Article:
Similar accident scenarios occur on the open road. A driver on a motorway or a dual carriageway might be distracted and fail to recognise that the traffic in front of him is coming to a stop. By the time he notices the danger, it is too late for him to apply the brakes and avoid the impact or he may misjudge the braking of the car infront and fail to apply sufficient braking force.
To work at higher speeds, Inter-Urban AEB systems use long-range radars to ‘look’ further ahead of the vehicle (typically 200m).. The radar data is analysed to determine whether or not the vehicle could potentially collide with any obstacles it sees. If so, the AEB system might typically operate as follows: a warning signal is given to the driver to try to alert him to the danger. If the driver does not respond, a second warning may be given (for example a brake jerk or seatbelt tug) and the brakes will be pre-armed for maximum braking. Again, if there is no reaction from the driver, the system will itself apply heavy braking. Some systems also prepare the restraint systems for optimum performance in the impact, for example by pre-tensioning the seatbelts.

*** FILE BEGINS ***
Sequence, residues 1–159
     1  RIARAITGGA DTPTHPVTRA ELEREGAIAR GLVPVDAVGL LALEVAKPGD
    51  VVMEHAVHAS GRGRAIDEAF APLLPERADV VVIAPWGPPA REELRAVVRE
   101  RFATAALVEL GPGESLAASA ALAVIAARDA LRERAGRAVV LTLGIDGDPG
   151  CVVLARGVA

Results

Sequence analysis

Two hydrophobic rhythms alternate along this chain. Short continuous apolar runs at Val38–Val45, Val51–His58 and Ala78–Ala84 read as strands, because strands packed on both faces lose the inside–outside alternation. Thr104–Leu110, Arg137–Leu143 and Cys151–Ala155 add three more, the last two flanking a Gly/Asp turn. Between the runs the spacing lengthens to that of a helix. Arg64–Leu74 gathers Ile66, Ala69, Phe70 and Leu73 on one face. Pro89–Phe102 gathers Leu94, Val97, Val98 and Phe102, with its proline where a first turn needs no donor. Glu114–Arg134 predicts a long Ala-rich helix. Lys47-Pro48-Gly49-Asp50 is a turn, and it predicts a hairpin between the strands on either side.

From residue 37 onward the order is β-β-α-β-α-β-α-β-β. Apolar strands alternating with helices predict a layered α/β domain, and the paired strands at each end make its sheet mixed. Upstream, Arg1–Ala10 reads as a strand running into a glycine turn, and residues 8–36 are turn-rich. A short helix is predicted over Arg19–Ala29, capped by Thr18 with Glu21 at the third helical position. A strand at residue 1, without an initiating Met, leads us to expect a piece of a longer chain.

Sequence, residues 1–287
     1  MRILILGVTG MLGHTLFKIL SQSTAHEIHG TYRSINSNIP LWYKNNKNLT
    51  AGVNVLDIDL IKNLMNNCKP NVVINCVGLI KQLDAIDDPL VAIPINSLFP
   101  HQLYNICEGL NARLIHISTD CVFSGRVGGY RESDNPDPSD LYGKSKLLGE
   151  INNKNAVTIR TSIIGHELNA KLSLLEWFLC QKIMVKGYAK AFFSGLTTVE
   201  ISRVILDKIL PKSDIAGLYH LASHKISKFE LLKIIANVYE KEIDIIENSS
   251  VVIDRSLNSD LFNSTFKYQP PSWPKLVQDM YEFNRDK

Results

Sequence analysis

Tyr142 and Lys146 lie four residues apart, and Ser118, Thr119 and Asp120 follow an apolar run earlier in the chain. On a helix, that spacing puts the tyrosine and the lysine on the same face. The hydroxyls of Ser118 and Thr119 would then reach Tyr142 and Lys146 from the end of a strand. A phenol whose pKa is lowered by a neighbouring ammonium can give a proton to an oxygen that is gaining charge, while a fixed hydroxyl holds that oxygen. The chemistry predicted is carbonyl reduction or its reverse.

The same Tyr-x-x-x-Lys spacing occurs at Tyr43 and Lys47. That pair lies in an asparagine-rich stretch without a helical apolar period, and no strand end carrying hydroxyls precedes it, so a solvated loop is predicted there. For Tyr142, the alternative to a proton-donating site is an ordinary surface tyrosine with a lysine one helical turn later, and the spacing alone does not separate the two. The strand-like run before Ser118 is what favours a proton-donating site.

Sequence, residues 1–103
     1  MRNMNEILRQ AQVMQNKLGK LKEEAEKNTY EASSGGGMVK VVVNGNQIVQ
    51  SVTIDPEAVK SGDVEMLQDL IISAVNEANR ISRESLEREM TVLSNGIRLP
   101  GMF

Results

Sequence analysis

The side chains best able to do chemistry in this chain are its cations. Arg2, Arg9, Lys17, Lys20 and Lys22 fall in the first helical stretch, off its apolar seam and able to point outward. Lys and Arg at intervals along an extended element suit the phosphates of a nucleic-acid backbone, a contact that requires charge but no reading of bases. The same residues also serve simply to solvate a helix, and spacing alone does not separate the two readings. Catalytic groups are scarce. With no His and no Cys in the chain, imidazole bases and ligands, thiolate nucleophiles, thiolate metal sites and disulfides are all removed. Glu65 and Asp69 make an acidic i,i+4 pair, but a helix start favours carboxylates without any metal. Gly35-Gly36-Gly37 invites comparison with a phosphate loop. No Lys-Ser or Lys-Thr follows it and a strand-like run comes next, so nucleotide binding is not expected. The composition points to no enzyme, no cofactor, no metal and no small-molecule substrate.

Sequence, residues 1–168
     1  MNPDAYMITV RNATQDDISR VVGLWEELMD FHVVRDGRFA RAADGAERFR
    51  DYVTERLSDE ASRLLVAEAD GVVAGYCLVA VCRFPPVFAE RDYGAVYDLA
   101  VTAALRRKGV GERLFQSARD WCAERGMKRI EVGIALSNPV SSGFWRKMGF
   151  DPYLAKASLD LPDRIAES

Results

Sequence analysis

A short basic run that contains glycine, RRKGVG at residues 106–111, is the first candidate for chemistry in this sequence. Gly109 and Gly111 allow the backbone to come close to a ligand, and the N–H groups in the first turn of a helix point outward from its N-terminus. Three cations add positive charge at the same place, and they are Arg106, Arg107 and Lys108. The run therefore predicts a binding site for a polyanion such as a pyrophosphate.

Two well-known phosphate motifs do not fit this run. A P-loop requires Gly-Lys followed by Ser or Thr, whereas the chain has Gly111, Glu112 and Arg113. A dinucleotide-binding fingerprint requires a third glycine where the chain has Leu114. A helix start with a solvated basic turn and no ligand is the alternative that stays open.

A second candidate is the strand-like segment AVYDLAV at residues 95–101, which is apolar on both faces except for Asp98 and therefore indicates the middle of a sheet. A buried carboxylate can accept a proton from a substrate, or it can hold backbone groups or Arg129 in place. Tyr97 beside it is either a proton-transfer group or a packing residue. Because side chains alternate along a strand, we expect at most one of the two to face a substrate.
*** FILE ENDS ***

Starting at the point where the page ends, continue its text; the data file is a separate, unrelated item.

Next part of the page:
Systems fall into this category if they do more than simply warn the driver and operate over the speed range 50-80km/h. Some systems designed to operate primarily at Inter-Urban speeds may also provide benefit in city driving. For example, they may not be able to avoid accidents at low speeds but will be able to warn the driver and provide some mitigation effect. These systems are designed to see other road traffic including, in some cases, motorcycles and trucks. A potential advantage of radar sensors is their ability to function in all weathers and lighting conditions.